Tiger Mom parenting: musical score stuck over TV set. Image: Wall Street Journal


Amy Chua, the now infamous
“Tiger Mother
,“ delivered her parenting
manifesto two weeks ago in a Wall Street
Journal article headlined Why Chinese Mothers are Superior.” The article,
excerpted from her book, “The Battle Hymn of the Tiger Mother,”
outraged American moms.

Circling about, sometimes snarling,
American mommy-cats pounced on the Tiger’s arguments, shredding them with
sharpened claws. Bewildered and a bit scratched up, Chua has been in defensive
mode ever since, appealing
for parents to see her book as a “personal memoir about her own struggles with
child-rearing” not as “judgment on anybody else.” Chua’s daughter even came to
her beleaguered mother’s defense, publishing a warm letter
her mom for parenting her, Tiger style.

One thing’s for sure. Chua’s book has sparked
an American conversation about children, their parents, and the elusive notion
of “success.” What have we learned?

First, that we are utterly confused, as a
society, about what “good parenting” means. And second, following from the
first, we don’t really know what defines “success.” What do we really want for
our children?

Tiger method

For Amy Chua, a law professor at Yale University,
her children’s success is all about high academic and musical achievement. Her
“Tiger” method produces nothing less than perfection, in classroom and concert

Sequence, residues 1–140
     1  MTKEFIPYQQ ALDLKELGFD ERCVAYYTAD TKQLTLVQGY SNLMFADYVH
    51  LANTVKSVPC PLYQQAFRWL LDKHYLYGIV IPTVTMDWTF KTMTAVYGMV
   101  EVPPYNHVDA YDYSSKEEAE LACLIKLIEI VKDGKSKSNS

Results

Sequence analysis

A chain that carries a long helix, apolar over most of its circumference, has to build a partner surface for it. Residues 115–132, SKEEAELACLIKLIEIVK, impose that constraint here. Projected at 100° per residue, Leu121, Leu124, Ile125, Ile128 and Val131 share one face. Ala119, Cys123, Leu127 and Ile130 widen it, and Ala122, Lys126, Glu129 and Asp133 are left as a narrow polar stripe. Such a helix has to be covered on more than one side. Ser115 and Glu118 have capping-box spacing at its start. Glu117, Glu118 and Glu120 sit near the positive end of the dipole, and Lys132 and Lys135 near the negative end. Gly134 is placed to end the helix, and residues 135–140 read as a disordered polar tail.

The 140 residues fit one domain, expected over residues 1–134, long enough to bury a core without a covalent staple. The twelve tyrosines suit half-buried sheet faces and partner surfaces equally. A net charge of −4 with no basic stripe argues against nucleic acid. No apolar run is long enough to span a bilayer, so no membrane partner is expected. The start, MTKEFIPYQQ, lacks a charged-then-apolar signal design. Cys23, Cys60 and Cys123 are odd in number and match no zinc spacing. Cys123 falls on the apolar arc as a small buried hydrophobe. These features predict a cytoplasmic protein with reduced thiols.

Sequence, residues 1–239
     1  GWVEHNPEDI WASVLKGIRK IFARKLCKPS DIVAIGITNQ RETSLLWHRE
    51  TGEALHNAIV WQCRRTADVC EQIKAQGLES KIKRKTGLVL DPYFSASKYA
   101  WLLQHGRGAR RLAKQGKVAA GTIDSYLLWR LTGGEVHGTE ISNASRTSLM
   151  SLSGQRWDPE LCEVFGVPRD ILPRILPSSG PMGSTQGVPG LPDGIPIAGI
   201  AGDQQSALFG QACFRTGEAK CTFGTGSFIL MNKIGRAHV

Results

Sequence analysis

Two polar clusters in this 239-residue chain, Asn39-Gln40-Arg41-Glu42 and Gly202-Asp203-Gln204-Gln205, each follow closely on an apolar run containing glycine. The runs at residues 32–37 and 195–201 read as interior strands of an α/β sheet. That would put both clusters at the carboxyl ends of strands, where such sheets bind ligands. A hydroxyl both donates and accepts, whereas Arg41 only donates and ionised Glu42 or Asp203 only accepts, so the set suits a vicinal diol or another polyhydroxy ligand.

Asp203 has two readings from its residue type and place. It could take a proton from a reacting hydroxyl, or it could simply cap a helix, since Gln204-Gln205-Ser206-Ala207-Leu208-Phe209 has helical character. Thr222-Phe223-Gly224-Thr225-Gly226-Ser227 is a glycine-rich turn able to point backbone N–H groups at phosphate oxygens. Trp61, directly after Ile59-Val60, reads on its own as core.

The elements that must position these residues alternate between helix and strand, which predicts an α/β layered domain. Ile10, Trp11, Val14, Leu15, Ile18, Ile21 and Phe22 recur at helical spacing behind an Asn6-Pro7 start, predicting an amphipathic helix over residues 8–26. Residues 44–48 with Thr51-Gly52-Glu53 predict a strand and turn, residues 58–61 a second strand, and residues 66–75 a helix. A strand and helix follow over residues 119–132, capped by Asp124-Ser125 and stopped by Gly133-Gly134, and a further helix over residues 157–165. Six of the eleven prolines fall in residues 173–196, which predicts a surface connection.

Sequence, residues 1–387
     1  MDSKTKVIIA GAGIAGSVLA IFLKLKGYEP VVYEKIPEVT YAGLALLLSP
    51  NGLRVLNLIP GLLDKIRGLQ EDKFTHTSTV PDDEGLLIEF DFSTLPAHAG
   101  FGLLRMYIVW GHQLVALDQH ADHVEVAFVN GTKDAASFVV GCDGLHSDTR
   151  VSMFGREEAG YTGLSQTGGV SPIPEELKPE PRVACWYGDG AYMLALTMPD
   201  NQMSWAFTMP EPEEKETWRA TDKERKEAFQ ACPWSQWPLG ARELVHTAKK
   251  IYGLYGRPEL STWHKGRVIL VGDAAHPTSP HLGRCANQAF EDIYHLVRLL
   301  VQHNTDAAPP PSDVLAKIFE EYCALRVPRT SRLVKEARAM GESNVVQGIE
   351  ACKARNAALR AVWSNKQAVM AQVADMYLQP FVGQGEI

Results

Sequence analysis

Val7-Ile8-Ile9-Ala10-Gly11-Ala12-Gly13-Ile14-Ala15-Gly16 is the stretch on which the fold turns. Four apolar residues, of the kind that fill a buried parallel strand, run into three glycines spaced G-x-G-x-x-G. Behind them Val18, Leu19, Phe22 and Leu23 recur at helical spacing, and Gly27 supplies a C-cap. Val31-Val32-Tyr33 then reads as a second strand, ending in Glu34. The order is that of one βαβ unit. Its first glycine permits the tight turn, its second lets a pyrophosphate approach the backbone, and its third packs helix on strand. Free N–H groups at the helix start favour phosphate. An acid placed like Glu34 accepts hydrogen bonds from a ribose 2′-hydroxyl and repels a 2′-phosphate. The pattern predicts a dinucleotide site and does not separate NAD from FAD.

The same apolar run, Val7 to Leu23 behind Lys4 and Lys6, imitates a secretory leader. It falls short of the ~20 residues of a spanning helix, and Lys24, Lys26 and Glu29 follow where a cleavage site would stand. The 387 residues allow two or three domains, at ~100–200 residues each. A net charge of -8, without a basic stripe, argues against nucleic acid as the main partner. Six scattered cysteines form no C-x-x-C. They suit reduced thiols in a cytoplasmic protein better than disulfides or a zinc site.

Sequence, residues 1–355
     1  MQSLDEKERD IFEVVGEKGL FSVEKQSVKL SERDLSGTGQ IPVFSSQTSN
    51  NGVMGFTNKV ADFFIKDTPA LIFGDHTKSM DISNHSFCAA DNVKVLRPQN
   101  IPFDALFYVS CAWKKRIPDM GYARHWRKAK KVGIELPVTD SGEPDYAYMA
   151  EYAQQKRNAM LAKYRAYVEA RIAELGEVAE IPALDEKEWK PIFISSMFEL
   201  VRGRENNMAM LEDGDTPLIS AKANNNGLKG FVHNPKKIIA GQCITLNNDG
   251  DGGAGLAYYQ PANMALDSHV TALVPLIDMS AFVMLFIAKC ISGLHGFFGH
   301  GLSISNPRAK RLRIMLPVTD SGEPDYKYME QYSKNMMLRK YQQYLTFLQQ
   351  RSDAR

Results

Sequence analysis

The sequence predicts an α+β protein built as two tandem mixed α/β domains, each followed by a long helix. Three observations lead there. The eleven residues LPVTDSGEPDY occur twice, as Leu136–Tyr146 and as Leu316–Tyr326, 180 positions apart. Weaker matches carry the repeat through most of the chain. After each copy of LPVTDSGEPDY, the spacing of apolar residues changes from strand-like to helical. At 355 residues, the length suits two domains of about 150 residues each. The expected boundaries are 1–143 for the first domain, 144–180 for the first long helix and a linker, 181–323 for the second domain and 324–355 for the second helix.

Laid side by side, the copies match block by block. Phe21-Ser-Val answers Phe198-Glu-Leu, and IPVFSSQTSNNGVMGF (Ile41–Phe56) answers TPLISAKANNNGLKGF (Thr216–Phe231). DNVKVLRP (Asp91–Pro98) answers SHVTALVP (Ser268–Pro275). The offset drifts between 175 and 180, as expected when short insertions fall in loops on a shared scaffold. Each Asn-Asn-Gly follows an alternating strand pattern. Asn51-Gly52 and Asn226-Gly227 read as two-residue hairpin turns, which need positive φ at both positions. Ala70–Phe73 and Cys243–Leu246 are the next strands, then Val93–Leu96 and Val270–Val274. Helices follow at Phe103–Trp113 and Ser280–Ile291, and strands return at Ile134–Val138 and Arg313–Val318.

What ignited the firestorm surrounding
Chua’s book is her thesis:
she asserts that, unlike “Western
mothers, “Chinese
mothers produce successful kids—perfect students and musical prodigies—because their
parents expect perfection and force
the habits that produce it. She scorns the permissive parenting model where
children make their own decisions and quit when things get tough (like when
they need to practice or study more).

In fact, Chua sneers at how Americans’
preoccupation with a child’s “self-esteem” prevents parents from correcting the
child or insisting on better results. In contrast, the Chinese “solution to
substandard performance” is “to excoriate, punish, and shame the child. The
Chinese parent believes that their child will be strong enough to take the
shaming and to improve from it.”

Chua also argues that parents must firmly
control their child’s upbringing: require hours of music practice and rote
drills, limit leisure and friendships, and reject interest-driven
extracurriculars to ensure more time for music or studies.

The bottom line: rules and more rules, work
and more work, breed success. In the end, the thinking goes, Chinese children will
be forever grateful to their parents.

Western pushback

What do Western parents want? Happy kids.
Kids who feel good about themselves and who achieve their full potential. It’s
a model that has its own problems.

Not surprisingly, Chua’s critics reject her
methods as brutal and off-base. Business executives deride her approach, saying
its emphasis on individual achievement and solitary pursuit of perfection stunts
leadership abilities and fails to instill teamwork.
The Tiger Method, they argue, also stifles initiative, independence, and
creativity — qualities highly valued by Americans. As workers, then, her
children’s potential may be limited.

Chua’s socio-economic assumptions drew fire
as well. Parents note the costs of lessons and tutoring—options unaffordable for
many families. Similarly, the time commitment is an impossible luxury for
single parents or parents of large families.

Back in the mommy world, Chua earns scathing
criticism for the harsh rebukes and insults she hurled at her two daughters. She
rejected their gifts — homemade birthday cards — because they represented
less than the girls’ best efforts. Appalled, her critics wonder how can Chua’s daughters